I am the owner and manager of Tincup Wilderness Lodge. I have many years experience of life in the great outdoors, much of it on the rivers and lakes of the Yukon and the Northwest Territories. Tincup Wilderness Lodge makes it possible for me to share this passion with guests from all over the world.
I intend to maintain Tincup Wilderness Lodge as the treasure it is today, a place of peace and harmony set in the midst of nature’s unspoiled beauty. I am most grateful to Jose and Larry and I deeply respect what they have created.
(as narrated by Ray Conant, March 2012)
Tincup from day one
The desire to descend from 6,000 feet and land on the silvery waters of Tincup Lake was overwhelming. I had found the perfect location for a fly-in lodge. Its main appeal, to my mind, would be to nature lovers, though fishing was an important mainstay in those early years. This was summer 1969.
The lodge had an unusual but practical design: in addition to its nine bedrooms, it had a tackle shop, bathrooms, a first-aid room and eight hundred square feet of carpeted lounge area featuring a circular fireplace, a pool table, a bar and a stage for a professional two-piece band.
Nature’s abundance of flora, fauna, and fish began right at the front door. Guests with guides headed out daily by boat, airplane, and helicopter. The lake always yielded up its bounty whether from the deep, the shallow or the shoreline. Guests helicoptered to inaccessible grayling streams, or to high meadows to experience limitless expanses of mountain grandeur, flowers, birds, animals and clean fresh air. The Widgeon provided swift access to other lakes, as well as a breathtaking view of glacier mountain ranges as it flew guests between Whitehorse and Tincup. A Seabee amphibian airplane served as a standby backup, and a ski-equipped Piper Cub provided access during the winter.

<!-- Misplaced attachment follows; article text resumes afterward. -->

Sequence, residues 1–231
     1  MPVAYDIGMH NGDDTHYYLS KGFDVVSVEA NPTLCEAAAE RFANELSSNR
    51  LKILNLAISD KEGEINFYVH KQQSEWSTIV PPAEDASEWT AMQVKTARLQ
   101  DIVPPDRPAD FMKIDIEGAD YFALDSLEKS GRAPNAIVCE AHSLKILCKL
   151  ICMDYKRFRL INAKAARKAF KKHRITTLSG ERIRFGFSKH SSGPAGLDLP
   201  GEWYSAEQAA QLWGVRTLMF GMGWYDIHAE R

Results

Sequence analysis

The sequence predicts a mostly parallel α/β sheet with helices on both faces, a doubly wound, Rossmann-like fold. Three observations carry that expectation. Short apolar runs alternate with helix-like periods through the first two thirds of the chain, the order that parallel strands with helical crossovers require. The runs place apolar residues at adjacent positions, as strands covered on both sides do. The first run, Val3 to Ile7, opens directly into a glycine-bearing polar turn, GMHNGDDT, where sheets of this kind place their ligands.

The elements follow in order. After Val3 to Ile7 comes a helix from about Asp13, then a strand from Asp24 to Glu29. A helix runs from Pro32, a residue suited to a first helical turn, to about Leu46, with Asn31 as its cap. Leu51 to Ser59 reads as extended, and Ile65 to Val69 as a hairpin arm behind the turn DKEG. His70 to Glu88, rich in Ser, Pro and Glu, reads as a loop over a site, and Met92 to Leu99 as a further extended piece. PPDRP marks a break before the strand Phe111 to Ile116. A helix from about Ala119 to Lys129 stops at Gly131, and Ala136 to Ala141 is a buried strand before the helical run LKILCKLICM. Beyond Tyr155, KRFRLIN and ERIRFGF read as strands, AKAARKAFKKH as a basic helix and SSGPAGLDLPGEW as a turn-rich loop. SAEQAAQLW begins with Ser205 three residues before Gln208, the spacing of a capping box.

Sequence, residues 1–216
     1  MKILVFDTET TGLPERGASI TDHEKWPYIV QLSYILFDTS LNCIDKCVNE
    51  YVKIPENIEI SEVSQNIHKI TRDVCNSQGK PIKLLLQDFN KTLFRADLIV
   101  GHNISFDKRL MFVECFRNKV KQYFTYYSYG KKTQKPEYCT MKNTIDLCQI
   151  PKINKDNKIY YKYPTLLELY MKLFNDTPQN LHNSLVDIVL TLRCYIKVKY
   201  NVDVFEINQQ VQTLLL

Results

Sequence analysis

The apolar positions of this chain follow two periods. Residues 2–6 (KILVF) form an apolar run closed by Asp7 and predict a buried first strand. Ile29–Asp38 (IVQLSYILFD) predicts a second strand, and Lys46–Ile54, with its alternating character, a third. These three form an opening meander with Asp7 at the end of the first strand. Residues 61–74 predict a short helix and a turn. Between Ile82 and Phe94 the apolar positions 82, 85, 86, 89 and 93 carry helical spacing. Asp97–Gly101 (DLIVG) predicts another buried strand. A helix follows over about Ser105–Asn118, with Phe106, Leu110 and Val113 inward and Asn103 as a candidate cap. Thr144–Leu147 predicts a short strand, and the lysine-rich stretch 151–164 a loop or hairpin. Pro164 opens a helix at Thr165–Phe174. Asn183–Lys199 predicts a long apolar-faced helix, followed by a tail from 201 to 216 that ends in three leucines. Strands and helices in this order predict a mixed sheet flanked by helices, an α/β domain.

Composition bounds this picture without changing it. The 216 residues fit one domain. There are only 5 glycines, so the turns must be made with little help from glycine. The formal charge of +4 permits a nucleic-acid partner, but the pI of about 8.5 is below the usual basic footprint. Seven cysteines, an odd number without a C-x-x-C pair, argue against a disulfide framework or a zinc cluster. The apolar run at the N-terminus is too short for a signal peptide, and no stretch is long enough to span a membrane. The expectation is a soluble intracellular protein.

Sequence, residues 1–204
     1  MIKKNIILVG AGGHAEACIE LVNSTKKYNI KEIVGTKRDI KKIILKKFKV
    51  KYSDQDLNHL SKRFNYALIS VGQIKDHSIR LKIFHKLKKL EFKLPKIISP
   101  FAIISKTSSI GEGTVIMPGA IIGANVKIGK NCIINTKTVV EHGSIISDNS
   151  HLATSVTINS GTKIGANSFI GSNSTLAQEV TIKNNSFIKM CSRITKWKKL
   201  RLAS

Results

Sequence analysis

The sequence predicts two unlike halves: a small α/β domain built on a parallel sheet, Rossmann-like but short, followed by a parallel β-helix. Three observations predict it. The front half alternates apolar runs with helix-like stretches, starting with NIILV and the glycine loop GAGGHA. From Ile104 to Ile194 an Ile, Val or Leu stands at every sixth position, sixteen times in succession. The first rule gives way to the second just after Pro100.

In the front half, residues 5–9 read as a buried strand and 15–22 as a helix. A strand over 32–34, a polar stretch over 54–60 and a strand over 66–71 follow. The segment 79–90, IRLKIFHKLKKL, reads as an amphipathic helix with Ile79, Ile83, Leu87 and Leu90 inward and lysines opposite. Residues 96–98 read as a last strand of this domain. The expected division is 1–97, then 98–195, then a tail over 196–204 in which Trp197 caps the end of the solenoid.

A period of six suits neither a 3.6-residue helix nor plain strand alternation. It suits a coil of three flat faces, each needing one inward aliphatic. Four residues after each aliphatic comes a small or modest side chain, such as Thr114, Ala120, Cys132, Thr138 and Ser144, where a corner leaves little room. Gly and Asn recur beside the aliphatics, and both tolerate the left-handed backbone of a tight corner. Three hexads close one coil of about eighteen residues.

Putting the pieces together
Construction of the lodge facility is a story well worth telling. All the materials and furnishings were landed on the ice in one DC-3 load and thirteen Otter loads. Once the ice had melted, the Widgeon went to work. The helicopter carried in bulky loads, such as the electronic organ.
The new lodge building we had in mind required about 450 logs. Gerry Couture, project manager and future partner, actually hauled all these logs along ice-covered Tincup Creek to the lodge site using his four sleigh dogs, a formidable achievement. Then the logs had to be peeled. Two exceptionally talented log builders from Burwash Landing, Jimmy Enoch and Thomas Joe, plus three helpers, made up the building crew. The quality and speed of the work that followed was truly remarkable. Their effort was nothing less than heroic. The lodge was completed and ready for its first group of guests a full day ahead of their arrival.
Forty-six in all took part in the Tincup experience over two seasons. They came from as far away as Singapore. Most were Americans from such states as Texas, Oklahoma, Iowa, Ohio, New York and Pennsylvania. One couple arrived from Quebec City, and another couple visited from Calgary. A number of these guests came back for the second season, such as a famous nature photographer (a National Geographic contributor) and his son, who came for a few weeks both years. A Texas-based outdoor TV photographer/programmer did a piece on our unique use of the helicopter, and one guest even stayed and joined the staff.
The end of the dream
In these first two seasons the fly-in lodge on Tincup Lake had delivered beyond all expectations. In 1972, an unfortunate chain of events meant turning over this little piece of paradise to the next visionary.
(as narrated by Warren La Fave, March 2012)
The Yukon Government released the property to Mr. Jack La Fave in 1975 and, after completing additional room capacity to the main lodge, he ran the operation very successfully for another 6 years.